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J Altern Complement Med. 2009 Mar;15(3):281-5. doi: 10.1089/acm.2008.0250.

A nonrandomized non-naive comparative study of the effects of kapalabhati and breath awareness on event-related potentials in trained yoga practitioners.

Author information

1
Swami Vivekananda Yoga Research Foundation, Bangalore, India.

Abstract

OBJECTIVES:

The study was conducted to compare the P300 event-related potentials recorded before and after (1) high-frequency yoga breathing (HFYB) and (2) breath awareness.

DESIGN:

The P300 was recorded in participants of two groups before and after the intervention session (1 minute in duration). SETTINGS AND LOCATION: All participants were receiving yoga training in a residential yoga center, Swami Vivekanada Yoga Research Foundation in Bangalore, India.

SUBJECTS:

Thirty (30) male participants formed two groups (n = 15 each) with comparable ages (within an age range of 20-35 years) and comparable experience of the two techniques, the minimum experience being 3 months.

INTERVENTIONS:

The two groups were each given a separate intervention. One group practiced a HFYB at a frequency of approximately 2.0 Hz, called kapalabhati. The other group practiced breath awareness during which participants were aware of their breath while seated, relaxed.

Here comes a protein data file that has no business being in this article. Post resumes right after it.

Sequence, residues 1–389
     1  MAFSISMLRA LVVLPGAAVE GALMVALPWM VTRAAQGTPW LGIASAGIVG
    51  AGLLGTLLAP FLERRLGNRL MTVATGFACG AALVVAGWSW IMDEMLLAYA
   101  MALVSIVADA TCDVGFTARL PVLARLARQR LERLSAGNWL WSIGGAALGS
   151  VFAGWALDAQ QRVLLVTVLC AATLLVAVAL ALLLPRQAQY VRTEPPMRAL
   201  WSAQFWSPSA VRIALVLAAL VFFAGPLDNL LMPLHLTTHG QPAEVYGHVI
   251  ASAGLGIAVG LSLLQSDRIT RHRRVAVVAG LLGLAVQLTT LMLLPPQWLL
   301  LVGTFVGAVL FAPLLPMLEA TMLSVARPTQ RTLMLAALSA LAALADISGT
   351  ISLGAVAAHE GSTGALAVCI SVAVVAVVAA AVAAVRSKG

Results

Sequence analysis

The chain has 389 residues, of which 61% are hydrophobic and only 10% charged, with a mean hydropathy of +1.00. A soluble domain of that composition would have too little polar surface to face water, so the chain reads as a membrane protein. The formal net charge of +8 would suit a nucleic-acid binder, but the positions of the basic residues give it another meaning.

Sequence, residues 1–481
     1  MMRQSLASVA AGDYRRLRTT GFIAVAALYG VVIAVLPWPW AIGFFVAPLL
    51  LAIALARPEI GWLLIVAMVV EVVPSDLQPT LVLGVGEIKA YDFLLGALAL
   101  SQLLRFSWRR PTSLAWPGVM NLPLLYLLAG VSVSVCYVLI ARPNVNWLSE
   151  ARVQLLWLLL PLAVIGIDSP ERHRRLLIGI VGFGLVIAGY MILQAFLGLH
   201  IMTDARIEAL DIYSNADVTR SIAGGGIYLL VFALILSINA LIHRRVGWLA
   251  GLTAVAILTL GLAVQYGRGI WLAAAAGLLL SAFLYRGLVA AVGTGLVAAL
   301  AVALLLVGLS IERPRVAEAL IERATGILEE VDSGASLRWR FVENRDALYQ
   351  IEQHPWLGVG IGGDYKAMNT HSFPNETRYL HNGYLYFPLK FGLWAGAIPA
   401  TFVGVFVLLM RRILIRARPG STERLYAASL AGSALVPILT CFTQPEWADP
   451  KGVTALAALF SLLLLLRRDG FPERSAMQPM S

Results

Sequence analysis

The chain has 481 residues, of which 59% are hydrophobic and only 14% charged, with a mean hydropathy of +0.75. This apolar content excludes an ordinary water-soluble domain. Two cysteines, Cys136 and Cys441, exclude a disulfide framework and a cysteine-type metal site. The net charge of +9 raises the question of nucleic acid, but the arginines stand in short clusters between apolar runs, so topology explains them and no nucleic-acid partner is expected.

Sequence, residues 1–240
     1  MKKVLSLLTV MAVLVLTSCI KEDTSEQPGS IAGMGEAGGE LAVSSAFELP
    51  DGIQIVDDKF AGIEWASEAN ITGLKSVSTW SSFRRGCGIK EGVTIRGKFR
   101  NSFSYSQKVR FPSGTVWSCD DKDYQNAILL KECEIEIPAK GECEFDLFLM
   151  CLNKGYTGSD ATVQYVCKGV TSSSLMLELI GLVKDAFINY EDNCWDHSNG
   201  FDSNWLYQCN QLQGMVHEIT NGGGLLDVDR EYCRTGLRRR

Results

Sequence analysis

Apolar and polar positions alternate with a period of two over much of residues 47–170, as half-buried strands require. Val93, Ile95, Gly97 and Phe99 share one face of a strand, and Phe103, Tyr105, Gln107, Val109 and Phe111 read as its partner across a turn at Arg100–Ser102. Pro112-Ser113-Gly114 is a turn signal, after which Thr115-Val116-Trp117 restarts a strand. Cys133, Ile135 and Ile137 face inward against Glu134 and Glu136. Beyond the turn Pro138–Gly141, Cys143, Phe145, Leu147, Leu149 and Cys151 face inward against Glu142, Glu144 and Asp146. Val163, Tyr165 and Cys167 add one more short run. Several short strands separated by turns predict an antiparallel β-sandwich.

OUTCOME MEASURES:

The P300 event-related potential, which is generated when attending to and discriminating between auditory stimuli, was recorded before and after both techniques.

RESULTS:

The P300 peak latency decreased after HFYB and the P300 peak amplitude increased after breath awareness.

CONCLUSIONS:

Both practices (HFYB and Breath awareness), though very different, influenced the P300. HFYB reduced the peak latency, suggesting a decrease in time needed for this task, which requires selective attention. Breath awareness increased the P300 peak amplitude, suggesting an increase in the neural resources available for the task.

PMID:
19243275
DOI:
10.1089/acm.2008.0250
[Indexed for MEDLINE]

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